Related studies are explained in the two perspectives: development of ubiquitous sensor network (USN) simulator and coverage and connectivity of mobile sensor network. First, existing USN simulators focus on the verification of packets, protocol, and the network. Through such a method, a simulation can be run on the network lifetime on some simulators. TOSSIM, an open source TinyOS-based simulator from UC Berkeley, can simulate Mica2 series simulation from CrossBow. Main features are packet loss calculation and CRC sensing. However, it can only work with Mica2 series. GloMoSim, a PARSEC (C-based parallel simulation language)-based discrete event simulator, is a simulation environment for wireless mobile network. Like OSI 7-hierarchical model, GloMoSim is composed of number of layers. It monitors packet transmission status, and verifies network model or transmission scenario; however, it cannot work as sensor network. GloMoSim's next version, QualNet is a massive wireless network simulator. It uses IEEE 802.11 MAC and Physical Layer standard, and like GloMoSim it has several layers. When modules for layer are developed by different designers, the scenarios and models are being tested. Packet flow statistics can be checked through automatically collected data from each layer. Features for sensor network are designed as well; nevertheless, visualization of sensed objects. NS2 is most widely used network simulator, and many wired and wireless network simulators have been developed based on this system. It is a discrete event simulator, it can simulate various network protocols; however, it has too many nodes and is difficult to adapt to complex massive system. It also has too much unnecessary interdependency. J-Sim is a JAVA-based open source WSN simulator. Each component uses autonomous component architecture, and imitates software with IC chips. It is designed in loosely coupled structure so that is can support plug & play. It can calculate memory usage, number of events, and running time according to size of given network. It also simulates transmission status of transmitted event from target node being transmitted to sink nodes in packet form. Nevertheless J-Sim is difficult to visualize target node sensor. SWANS is an expansion of Jist, a PARSEC-based scattered event simulator. It is an open source simulator, and compared to NS2 or GloMoSim, it can carry out massive network simulation; nevertheless, like other simulators it can only carry out protocol verification [4, 5].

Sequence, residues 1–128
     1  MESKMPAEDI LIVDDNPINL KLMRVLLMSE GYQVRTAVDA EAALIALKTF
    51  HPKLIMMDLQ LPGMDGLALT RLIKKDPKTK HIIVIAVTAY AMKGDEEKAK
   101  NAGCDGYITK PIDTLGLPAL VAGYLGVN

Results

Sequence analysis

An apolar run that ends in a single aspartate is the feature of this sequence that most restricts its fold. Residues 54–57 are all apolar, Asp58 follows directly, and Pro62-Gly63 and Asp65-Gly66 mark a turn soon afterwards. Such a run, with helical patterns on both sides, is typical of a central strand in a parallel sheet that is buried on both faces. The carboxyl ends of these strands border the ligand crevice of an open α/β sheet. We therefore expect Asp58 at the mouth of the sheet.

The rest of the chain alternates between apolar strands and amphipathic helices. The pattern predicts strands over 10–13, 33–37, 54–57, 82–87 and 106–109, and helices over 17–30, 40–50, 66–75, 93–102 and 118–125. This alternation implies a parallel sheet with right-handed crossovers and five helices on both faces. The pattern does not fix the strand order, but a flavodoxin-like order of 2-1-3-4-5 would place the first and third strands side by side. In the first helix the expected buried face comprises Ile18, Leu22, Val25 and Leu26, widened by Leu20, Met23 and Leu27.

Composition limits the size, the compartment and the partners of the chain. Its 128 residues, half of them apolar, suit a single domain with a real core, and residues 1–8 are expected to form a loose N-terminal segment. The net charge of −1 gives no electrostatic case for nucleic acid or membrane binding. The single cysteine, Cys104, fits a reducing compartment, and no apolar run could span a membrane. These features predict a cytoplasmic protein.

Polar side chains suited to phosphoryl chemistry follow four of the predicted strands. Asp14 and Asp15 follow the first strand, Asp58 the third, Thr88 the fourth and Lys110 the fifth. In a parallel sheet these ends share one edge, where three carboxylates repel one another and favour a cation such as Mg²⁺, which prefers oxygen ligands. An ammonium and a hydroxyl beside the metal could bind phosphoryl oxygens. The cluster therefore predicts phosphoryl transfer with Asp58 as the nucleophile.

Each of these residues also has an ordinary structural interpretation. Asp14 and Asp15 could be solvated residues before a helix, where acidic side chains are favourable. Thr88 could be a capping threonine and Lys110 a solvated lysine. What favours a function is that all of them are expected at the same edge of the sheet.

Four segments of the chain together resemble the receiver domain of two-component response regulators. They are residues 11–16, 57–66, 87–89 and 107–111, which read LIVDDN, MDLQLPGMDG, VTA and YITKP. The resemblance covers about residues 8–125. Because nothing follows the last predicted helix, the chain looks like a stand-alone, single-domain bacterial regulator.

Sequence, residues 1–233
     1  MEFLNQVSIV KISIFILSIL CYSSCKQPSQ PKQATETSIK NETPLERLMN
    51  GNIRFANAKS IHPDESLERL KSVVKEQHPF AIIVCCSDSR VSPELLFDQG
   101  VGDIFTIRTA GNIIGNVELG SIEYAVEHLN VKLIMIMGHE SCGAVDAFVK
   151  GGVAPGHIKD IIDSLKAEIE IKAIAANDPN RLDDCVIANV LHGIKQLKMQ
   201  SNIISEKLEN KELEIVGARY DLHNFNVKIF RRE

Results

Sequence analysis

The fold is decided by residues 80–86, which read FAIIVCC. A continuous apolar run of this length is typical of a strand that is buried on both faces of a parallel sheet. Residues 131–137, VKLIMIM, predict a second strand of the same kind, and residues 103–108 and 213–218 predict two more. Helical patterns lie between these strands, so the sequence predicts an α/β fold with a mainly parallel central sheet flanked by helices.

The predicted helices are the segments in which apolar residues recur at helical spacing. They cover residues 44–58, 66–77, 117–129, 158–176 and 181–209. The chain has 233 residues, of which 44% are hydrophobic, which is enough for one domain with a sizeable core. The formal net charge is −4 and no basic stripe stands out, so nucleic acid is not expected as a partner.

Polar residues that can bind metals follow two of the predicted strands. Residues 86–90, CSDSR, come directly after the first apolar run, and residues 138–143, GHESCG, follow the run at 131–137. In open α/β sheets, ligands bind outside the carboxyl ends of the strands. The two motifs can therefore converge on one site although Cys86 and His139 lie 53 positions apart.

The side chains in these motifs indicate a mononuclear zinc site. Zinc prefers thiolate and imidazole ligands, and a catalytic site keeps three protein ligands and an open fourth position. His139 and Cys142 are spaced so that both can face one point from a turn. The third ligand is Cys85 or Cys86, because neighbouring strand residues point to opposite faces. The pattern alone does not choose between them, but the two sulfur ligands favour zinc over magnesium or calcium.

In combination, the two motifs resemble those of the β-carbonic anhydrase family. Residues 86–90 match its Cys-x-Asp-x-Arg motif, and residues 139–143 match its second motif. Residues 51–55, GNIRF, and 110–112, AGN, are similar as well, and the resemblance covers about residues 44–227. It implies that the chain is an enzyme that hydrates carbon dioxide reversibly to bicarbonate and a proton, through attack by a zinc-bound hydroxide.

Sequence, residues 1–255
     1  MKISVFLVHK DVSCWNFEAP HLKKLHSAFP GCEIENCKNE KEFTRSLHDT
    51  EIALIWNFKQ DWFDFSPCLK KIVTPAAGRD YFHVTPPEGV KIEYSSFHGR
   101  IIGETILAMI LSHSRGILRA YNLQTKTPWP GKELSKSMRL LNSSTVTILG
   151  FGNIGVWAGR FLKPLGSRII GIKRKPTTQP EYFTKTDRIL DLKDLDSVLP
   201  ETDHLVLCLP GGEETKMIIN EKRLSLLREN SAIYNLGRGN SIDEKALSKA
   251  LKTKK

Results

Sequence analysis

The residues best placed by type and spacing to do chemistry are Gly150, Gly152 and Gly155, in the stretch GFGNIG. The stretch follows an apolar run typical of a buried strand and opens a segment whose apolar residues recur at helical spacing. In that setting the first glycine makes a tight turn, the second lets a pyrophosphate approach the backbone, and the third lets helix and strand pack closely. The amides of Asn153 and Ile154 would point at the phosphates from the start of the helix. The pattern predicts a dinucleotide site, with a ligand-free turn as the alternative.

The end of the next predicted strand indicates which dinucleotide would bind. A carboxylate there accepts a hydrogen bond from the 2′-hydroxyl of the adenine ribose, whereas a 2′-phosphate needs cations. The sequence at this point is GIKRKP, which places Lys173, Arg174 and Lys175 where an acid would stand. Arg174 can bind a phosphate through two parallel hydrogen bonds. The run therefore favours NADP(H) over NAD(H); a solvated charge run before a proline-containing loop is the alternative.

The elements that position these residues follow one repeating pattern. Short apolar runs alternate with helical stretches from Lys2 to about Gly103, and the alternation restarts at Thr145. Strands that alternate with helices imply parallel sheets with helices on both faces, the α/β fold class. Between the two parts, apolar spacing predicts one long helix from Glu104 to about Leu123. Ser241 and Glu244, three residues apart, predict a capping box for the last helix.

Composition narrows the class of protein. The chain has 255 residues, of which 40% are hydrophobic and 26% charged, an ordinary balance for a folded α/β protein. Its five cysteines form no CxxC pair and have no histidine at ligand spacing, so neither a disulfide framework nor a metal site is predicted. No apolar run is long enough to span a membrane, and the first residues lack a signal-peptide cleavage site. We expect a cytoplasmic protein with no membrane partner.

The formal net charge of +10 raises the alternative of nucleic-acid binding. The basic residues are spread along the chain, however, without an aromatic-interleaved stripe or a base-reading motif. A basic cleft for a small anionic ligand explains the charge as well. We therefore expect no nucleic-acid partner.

Second, suggestion was made on the algorithm that enabled maximization of the area that could be covered in the mobile sensor network where potential field was applied so that initial sensors moved voluntarily [6]. On the assumption that there was a repulsive force between sensors or sensor and obstacle, such force was used to have sensors dispersed evenly on the network and to ensure that friction force, opposite to the repulsive force, was applied so that sensors reached the static equilibrium without any movement. The algorithm suggested in this article basically utilizes what is suggested in [6]. However, the difference is that sensors are induced in the way that local coverage is maximized rather than sensors simply being spread.